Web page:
Robert Maldonado  23:04

Gandhi understood that it required a lot more courage to be non-violent than to be violent. Because violence is a defense, it's an action you're taking physically towards another human being. Whereas in non-violence, you're letting your guard down but you're still insisting on the change you need to make. It doesn't mean weak, it requires more courage to be non-violent and to take action. That’s where teaching, learning, practicing, cultivating these qualities comes in. They're not going to be there just because we understand them to be the right way to do things. We're going to have to cultivate them, we're going to have to teach it to our children, we're going to have to practice them continuously, and learn by making mistakes. That's the only way we can do it.

Debra Maldonado  24:17

Cultivating love and compassion toward the enemy. When I see something that upsets me that I'm passionate about, the first instinct is have anger. Then I often wonder “What do I do with that? This isn't helping, it’s making me miserable to just stew in the anger.” You could spend afternoon just trolling the internet or reading articles or quit watching the news and getting that anger, it's really just hurting you. It's recognizing this is not the right approach. How would someone go from that place because we've all been there, we get mad at certain things that happened in the world. We want to make a change. That anger triggers us into action. Because if we weren't angry, we wouldn't take action. There's a gift in that, but it's about how to use it, transmute it into something.

Robert Maldonado  25:20

It begins with self inquiry. All the higher teachings begin this way, you have to consider why is this anger arising within me? What does it mean?

Debra Maldonado  25:33

What's threatening? What is really going on?

Robert Maldonado  25:36

This is where a lot of people make the mistake, I’ve done it myself. I think if I ignore or suppress the anger, I'll be acting in spiritual way or a higher way. But that doesn't work. We have to acknowledge that the anger is within me, it's definitely a part of my psyche, of my body, like Gandhi says, it's part of me, it's actually arising within me.

Debra Maldonado  26:08

It's already there, no one can put anger in you.

Robert Maldonado  26:12

Accepting responsibility for your own anger is the beginning of it, because then you're able to work with it in a sane way, instead of suppressing it and trying to present a spiritual, non-violent phase. That's not going to work, it's going to build up and come out in other ways.

Debra Maldonado  26:35

You might say “I'm angry, I can't feel angry, I'm just going to put a light around the planet and hold my intention for a beautiful world. I don't need to fight out there.” It sounds really nice, but you're not taking action. It's about action and emotion. I heard the Dalai Lama, someone interviewed him and they asked him “Aren't you angry? You're a spiritual person, they took over your country, they killed and did terrible things to your people. Aren't you mad at the Chinese, do you have anger toward them?” He said “They give me a great opportunity to work with my own anger.” It actually helped him to bring Buddhism more to the West. He's reaching more people than ever because of this. Not that it was good, what happened but he's using it in a way to bring higher knowledge, higher awareness. It’s a higher level than just the ego battle that we're doing on the human level, there's a higher place to be, while we're also engaged in the human experience.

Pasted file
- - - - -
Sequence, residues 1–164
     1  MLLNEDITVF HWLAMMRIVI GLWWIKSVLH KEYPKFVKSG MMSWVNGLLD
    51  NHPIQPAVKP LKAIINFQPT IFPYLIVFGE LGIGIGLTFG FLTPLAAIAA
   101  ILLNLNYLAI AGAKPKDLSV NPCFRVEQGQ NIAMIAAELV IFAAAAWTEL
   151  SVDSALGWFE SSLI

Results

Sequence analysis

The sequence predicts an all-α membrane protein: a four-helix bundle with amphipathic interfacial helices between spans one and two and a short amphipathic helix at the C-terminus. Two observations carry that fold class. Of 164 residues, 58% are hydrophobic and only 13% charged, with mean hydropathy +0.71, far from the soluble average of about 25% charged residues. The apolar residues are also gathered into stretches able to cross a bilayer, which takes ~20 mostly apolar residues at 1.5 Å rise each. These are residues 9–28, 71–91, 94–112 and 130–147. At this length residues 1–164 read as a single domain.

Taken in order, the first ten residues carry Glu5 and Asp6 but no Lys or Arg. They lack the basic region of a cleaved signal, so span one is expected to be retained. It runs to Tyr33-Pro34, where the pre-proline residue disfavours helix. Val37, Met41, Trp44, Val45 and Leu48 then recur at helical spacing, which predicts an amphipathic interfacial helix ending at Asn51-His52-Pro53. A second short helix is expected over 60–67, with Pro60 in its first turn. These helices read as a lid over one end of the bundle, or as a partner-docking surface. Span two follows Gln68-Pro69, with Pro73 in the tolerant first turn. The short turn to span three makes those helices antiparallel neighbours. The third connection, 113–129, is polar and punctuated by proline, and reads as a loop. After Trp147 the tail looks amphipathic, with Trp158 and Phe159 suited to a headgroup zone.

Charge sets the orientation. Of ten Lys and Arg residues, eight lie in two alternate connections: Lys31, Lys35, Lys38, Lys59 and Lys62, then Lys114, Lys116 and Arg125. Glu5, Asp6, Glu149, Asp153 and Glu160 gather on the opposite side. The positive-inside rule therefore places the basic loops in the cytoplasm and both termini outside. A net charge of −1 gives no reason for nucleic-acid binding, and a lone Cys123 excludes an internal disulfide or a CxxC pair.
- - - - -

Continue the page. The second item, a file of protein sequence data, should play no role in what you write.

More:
Robert Maldonado  27:51

That's the difficult part. People want justice, they want to punish the other person, they want to hold on to the hate for the other person. But that's precisely the message of higher knowledge. It's saying, it's easy to love the people that love you, the people that don't oppose you, that think like you, that are like you. It's the easiest thing in the world, even criminals can do it. But it's very difficult to get to the point where you can be compassionate and non-aggressive, non-violent towards somebody that actively opposes you. Think about Gandhi situation. The British were actually killing his people, putting him in jail, restricting his freedom is in every possible way, opposing him, yet he was able to cultivate that state of mind of “They’re acting out of ignorance. Therefore, if I fall into anger and aggression towards them, I'm hurting myself, I'm hurting my own cause, my ability to make the changes that I need to make.”

Debra Maldonado  29:05

When we say compassion, we're not saying letting them off the hook, we’re not saying they’re right and I'm wrong, we’re not saying they're good people, I should love them. It's reflecting part of you you're angry at. They're representing that mirror, like he says “We but mirror the world.” When you're clear on what you're mirroring in that person, you could get the person out of the way and understand the idea that you're trying to battle. When you take the person out of the way, you realize it has less hardness to it or less rigidness because the ego’s designed socially to be in the world and feel threatened for survival, but ideas, when they’re not assigned to a person, we can work with them in a different way.

Robert Maldonado  30:02

To make real social change in a creative way, not in a forceful, temporary way that's just going to create more animosity. We need to cultivate understanding that the so-called the enemy, the person opposing us, or the group opposing our ideas, is actually doing us a favor. They're allowing us to cultivate this higher wisdom in ourselves, in our own mind, and to enact it, to actually act out of that higher purpose.